You have figured out what kind of wine you like to drink. You have figured out the most delicious meal to serve it with, and now you are going to invite your closest friends over to share both. But as you're driving around town and debating whether to fold your cloth serviettes or use your brass napkin rings, one other mammoth consideration pops into your head—how much wine should you serve?
When Math and Wine Collide
There is probably no worse time (or better time, depending on how you look at it) to try to do math than when you're drinking wine. But there is a very simple formula that one longtime industry veteran ascribes to. "I was raised that you never want someone to have an empty glass," says Paula Kornell, the proprietress of Paula Kornell Sparkling Wine.
If you are having a cocktail party and a dinner, you should plan on about half a bottle per person.
Kornell's father, pioneering winemaker Hanns Kornell of Kornell Champagne Cellars, was known for his impromptu dinner parties, with her mother Marilouise doing the cooking. Safe to say Kornell is a de facto expert on how much wine to serve at such a soirée. "Nowadays you have to be really careful that people don't drink too much, but if you are having a cocktail party and a dinner, you should plan on about half a bottle per person."
OK, so let's do the math.
Math Problem #1: You have 10 people coming over for dinner. How many bottles should you have?
Answer: Kornell thinks you should have five or six bottles. "If it's five or six, I would err on the larger number. You never want to be the hostess who runs out of alcohol."
Math Problem #2 (for extra credit, since this one is harder): Why is half a bottle the right amount?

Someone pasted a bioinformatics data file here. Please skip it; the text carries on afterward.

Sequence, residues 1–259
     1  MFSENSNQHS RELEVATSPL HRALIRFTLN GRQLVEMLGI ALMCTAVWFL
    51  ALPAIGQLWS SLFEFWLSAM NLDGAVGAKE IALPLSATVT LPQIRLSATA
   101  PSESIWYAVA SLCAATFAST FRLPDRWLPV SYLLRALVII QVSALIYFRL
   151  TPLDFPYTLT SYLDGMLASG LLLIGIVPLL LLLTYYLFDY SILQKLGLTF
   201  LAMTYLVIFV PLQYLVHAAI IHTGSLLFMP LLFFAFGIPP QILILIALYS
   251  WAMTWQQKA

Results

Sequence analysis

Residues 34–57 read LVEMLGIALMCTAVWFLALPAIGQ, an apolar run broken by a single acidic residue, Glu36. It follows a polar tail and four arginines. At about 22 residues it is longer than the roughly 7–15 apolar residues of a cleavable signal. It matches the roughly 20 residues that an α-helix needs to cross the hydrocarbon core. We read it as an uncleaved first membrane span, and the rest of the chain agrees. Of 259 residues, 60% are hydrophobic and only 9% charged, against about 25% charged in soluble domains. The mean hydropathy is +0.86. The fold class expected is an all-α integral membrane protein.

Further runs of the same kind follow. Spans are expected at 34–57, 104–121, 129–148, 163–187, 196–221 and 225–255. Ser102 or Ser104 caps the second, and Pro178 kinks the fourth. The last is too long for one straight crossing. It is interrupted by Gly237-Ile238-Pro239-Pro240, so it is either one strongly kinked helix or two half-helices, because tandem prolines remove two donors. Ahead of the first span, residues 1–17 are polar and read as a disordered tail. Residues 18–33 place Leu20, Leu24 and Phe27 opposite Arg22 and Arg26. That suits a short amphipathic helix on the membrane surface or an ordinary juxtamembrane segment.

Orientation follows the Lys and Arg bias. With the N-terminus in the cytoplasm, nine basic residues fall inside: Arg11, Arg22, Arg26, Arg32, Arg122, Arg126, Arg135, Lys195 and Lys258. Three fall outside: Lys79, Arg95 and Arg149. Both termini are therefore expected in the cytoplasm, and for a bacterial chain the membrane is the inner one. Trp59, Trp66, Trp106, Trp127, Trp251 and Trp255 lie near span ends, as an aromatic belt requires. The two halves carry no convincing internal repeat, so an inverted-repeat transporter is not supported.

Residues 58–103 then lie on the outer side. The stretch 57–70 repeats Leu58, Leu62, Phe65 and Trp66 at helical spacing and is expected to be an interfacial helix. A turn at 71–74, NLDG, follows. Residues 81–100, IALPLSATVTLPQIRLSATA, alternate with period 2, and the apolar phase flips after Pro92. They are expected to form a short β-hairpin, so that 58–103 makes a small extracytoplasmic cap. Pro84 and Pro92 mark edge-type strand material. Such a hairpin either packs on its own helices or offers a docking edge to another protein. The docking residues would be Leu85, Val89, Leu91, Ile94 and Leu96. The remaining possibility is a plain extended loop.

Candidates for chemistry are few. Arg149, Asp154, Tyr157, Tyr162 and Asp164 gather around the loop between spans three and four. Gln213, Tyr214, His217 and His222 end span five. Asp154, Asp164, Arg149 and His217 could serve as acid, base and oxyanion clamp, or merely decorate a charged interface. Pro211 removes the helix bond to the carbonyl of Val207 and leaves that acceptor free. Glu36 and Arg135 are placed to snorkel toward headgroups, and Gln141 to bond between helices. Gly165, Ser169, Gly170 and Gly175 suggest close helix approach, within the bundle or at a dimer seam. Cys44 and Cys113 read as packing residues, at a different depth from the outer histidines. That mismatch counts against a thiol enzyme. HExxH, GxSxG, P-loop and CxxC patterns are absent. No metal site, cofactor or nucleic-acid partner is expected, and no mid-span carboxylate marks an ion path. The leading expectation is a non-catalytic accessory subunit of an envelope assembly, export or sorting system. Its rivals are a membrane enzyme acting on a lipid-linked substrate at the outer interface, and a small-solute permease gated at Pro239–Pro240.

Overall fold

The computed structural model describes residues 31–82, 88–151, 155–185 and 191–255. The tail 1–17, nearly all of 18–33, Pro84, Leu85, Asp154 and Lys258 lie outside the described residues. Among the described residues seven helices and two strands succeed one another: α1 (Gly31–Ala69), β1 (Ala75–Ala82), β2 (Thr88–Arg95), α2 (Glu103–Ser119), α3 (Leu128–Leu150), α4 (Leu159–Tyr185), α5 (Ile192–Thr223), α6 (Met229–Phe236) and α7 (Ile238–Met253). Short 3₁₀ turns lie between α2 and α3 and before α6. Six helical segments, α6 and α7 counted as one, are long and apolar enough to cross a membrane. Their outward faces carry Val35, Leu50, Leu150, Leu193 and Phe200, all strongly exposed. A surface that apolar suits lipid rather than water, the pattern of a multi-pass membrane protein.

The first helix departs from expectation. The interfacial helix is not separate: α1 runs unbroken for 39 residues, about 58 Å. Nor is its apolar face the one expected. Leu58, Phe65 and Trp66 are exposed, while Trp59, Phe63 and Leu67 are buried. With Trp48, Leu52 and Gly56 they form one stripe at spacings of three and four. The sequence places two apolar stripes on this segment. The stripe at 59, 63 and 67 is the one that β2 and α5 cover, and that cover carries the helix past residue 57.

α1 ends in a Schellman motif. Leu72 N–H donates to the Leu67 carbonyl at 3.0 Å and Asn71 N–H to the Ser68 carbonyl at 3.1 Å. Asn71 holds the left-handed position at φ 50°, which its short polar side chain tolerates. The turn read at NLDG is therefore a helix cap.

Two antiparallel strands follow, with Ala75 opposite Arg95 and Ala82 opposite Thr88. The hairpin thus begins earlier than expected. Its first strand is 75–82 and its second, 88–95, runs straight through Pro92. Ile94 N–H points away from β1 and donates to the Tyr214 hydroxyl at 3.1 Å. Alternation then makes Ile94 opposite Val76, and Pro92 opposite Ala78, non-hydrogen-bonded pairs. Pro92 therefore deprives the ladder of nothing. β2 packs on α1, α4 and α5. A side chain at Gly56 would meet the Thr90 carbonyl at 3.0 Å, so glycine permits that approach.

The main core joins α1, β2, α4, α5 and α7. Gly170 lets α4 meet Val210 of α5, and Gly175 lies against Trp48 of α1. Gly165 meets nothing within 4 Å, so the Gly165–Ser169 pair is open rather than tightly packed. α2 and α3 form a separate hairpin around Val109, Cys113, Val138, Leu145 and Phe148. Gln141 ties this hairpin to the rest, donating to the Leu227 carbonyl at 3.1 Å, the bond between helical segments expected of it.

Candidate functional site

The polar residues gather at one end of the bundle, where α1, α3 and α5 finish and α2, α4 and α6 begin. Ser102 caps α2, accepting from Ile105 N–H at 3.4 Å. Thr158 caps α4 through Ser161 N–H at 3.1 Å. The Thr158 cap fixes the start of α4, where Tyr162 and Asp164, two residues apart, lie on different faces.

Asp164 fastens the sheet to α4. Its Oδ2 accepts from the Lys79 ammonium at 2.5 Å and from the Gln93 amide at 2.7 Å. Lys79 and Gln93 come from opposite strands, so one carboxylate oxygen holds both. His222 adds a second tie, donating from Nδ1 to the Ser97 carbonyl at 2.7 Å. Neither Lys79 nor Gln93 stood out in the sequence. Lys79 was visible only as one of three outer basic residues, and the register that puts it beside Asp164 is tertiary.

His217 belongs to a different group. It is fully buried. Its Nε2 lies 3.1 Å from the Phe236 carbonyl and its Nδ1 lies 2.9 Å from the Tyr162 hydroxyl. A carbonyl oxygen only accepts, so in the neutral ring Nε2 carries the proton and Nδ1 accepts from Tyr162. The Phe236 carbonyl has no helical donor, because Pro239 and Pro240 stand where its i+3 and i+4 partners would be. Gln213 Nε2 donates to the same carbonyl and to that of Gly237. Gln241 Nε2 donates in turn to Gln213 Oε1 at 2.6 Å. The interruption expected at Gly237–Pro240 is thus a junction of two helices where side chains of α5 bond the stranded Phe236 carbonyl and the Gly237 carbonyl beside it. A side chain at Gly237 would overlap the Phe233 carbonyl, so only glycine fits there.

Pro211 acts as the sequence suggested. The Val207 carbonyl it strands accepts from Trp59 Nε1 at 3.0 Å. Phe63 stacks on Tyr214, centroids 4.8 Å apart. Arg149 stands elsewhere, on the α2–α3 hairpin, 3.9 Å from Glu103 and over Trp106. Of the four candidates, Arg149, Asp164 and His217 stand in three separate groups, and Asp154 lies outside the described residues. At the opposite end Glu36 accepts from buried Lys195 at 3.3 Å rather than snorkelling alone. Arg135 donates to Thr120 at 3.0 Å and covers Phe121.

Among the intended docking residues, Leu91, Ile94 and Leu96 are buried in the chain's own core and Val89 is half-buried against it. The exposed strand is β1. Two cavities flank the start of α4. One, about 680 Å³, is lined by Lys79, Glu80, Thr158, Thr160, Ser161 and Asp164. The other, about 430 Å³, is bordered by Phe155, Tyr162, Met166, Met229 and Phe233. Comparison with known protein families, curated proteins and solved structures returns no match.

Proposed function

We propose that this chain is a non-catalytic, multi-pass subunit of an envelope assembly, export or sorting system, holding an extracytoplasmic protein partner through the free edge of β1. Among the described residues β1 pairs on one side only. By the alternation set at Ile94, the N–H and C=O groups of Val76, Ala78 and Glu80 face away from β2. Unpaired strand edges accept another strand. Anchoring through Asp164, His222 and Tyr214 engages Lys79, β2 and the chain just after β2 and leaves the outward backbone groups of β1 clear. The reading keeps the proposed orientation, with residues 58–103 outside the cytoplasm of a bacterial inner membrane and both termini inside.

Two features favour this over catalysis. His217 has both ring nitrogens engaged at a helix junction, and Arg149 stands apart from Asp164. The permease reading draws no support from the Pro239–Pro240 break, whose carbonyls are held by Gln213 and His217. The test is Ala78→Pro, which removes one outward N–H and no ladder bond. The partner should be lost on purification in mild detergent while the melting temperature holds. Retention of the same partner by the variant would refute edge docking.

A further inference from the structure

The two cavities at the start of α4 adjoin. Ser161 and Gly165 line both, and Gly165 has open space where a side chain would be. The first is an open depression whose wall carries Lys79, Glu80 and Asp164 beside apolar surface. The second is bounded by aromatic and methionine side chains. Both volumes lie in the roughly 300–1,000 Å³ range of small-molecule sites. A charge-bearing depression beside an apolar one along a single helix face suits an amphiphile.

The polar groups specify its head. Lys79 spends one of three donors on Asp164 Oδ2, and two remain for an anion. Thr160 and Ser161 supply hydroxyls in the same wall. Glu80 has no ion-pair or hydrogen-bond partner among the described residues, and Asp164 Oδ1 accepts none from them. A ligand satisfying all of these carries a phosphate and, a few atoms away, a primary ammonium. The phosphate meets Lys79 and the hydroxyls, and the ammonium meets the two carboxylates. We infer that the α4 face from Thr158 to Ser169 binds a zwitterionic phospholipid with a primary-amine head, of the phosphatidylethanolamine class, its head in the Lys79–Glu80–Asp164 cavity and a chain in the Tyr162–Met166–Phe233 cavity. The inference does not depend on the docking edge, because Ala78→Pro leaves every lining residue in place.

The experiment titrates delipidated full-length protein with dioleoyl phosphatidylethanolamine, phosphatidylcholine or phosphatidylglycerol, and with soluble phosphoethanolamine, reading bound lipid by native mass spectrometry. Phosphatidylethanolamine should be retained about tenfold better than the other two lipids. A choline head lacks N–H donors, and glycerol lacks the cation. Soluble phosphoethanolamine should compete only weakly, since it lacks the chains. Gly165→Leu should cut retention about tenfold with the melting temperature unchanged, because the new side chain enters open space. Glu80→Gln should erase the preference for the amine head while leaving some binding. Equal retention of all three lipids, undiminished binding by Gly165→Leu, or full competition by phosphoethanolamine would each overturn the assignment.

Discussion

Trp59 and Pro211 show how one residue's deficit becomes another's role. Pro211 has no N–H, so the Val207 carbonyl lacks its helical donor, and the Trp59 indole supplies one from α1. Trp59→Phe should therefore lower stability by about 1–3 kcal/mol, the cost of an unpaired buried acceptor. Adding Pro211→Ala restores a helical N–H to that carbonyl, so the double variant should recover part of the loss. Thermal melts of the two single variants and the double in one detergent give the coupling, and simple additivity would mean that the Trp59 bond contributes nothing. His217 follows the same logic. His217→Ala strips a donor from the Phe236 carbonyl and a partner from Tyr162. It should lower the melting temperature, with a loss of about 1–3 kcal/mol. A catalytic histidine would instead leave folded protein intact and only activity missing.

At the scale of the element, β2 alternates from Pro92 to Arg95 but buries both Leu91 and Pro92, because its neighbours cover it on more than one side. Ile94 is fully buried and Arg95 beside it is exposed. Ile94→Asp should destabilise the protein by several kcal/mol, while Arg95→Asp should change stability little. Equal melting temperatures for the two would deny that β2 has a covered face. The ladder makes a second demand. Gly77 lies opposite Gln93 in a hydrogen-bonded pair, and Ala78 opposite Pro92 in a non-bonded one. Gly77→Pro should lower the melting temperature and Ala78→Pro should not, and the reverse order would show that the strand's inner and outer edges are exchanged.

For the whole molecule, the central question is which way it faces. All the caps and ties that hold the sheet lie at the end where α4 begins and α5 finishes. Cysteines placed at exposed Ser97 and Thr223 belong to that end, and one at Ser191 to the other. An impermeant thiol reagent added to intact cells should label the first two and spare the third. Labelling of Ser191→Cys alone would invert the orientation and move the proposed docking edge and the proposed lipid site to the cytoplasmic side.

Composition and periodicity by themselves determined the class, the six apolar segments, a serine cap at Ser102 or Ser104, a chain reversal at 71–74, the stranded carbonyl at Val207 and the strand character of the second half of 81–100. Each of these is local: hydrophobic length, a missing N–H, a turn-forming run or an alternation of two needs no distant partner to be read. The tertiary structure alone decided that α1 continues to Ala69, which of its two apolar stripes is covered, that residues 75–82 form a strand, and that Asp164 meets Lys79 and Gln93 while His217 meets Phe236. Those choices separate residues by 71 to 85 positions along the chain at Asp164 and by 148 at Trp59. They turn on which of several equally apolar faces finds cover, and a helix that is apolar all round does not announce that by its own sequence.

Answer: A typical bottle of wine contains 750mL of enhanced grape juice. When you convert 750mL to fluid ounces, you get exactly 25.3605. A typical can of beer or soda is 12 fluid ounces, or just under half the 25.3605 ounces. So, a half a bottle of wine is roughly a little bit more liquid than one beer or soda.
Obviously, that doesn't sound like a lot, especially, as Kornell says, for a cocktail party followed by dinner. But we must remember two things:
- Some people will drink more, and some people will drink less
- When we say a "glass" of wine, we don't think of it in the same way as a "glass" of water, meaning, we don't fill the wine glass all the way to the top like we do with water
You figure you have a glass when you first get there, and then maybe two to three more during dinner. You want to be safe but not run out.Paula Kornell, Paula Kornell Sparkling Wine
Most glasses of wine are in the 3- to 4-ounce range, so—again, math—you would get about three or four glasses out of half a bottle. Which, according to Kornell, sounds about right. "You figure you have a glass when you first get there, and then maybe two to three more during dinner. You want to be safe but not run out." And, of course, safety is a serious subject.
Nobody wants to drink too much and then drive home, endangering themselves and others. It's responsible beverage service to monitor your guests and ensure they make it to your next dinner party, so always have plenty of water and small pieces of bread or snack foods—sometimes called "bites" in the industry—on hand to absorb some of that enhanced grape juice.